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If you have any interest what-so-ever in backcountry skiing, the motives that drive us to explore untracked terrain and the consequences of our decisions then I would encourage you to read this extremely well written, multi-piece article chronicling the events surrounding the Tunnel Creek Avalanche that claimed 3 lives last season. A very compelling article that is well worth your time.


Snow Fall: The Avalanche at Tunnel Creek - Multimedia Feature - NYTimes.com
 

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this is a great piece. I read and watched about a week ago. The real question is how does this apply to you?

For me it hits close to home. I often ski in East Vail which is a very similar place. Easy acesess to some high consequnece terrain. The mountain gets tracked up so fast its so easy to choose to head straight out the gate. Esspecialy if the snow is soft and deep. To me this is the biggest pit fall that I fall into. Skiing the backcountry imediately after a big storm is dicey. I say to myself I know this place well I'll be ok in the trees, these trees get skied all the time. Now I think Bull shit! I need to wait and let the snow settle and build strength.(but will I wait???)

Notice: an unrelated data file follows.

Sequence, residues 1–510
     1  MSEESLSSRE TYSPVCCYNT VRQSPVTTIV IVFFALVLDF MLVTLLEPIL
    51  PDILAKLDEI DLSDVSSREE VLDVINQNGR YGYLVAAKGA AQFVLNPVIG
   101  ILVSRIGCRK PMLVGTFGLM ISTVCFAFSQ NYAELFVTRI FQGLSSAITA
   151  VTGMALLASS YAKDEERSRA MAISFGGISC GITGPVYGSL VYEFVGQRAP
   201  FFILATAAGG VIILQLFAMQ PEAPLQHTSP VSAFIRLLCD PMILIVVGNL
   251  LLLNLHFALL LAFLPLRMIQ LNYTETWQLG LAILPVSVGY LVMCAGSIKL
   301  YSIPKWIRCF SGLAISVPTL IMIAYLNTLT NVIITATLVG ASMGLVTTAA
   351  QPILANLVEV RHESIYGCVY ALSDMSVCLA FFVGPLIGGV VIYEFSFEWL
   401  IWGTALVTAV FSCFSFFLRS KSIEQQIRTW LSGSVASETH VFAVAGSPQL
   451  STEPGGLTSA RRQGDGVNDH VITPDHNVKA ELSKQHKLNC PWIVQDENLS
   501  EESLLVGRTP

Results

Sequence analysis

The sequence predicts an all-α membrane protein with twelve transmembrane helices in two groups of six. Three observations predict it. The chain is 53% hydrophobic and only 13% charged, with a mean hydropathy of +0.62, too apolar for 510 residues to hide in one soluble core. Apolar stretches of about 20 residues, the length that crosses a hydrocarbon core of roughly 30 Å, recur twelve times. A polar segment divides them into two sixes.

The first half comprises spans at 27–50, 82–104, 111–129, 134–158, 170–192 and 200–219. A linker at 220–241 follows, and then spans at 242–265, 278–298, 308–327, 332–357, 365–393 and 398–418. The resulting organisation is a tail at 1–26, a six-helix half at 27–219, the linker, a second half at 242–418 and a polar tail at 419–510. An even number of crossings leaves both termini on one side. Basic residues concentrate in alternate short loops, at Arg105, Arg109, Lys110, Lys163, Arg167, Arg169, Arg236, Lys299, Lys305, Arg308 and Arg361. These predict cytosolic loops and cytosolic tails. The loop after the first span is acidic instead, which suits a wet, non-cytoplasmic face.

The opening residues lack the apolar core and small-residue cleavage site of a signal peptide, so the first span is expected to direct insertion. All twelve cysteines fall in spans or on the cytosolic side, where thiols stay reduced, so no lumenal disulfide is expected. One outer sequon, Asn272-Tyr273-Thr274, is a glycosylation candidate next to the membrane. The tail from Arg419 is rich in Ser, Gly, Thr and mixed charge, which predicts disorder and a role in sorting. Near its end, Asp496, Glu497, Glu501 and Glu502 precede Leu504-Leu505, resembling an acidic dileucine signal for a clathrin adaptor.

Also skiing w/ a group is a pain in the ass that can turn a bad idea into a really bad idea fast. with big groups of strong people in my experience there is seldom a solid plan in place. Its usually like lets all go hit this one area and everyone meets at the bus stop. I think if the people in the article had a better plan and a designated leader this incident might of had a different outcome. If the guys who went left could have communicated with everyone else things would probably turned out different. If I'm in a group and feel it going south or there is no plan will I speak up???

I found the movie incredibly sad. The part with woman telling her children that their father was killed will be forever imprinted in my brain. My son is 3 months old I never want my wife to have that talk with my son. Even if your young and single if you perish you will create deal of anguish should you expire.

I will still ski powder, I will still ski East Vail but I will do it with a little more caution and if something bad happens it wasn't because I was......

The take way for me is don't even put your pack on if your not willing to turn around and try it another day. If things are generally sketch leave the pack at home. I want to ski when I'm an old man.
 

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I totally agree Porkchop. I am as guilty as anyone of playing tour guide to out of town/stater's in a fine little "sidecountry" stash at our local hill and becoming overly complacent about the situation because I am so familiar with the terrain. I could imagine ending up in a similar situation and feel fortunate that I have not.
 

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Logan,

Thanks for posting this - I'm still somewhat in shock after reading it. As I read the accounts, red flags kept popping up - the group size, disregard for the conditions, lack of a plan on how they were going to ski it, and a number of other things. It could've easily been much worse.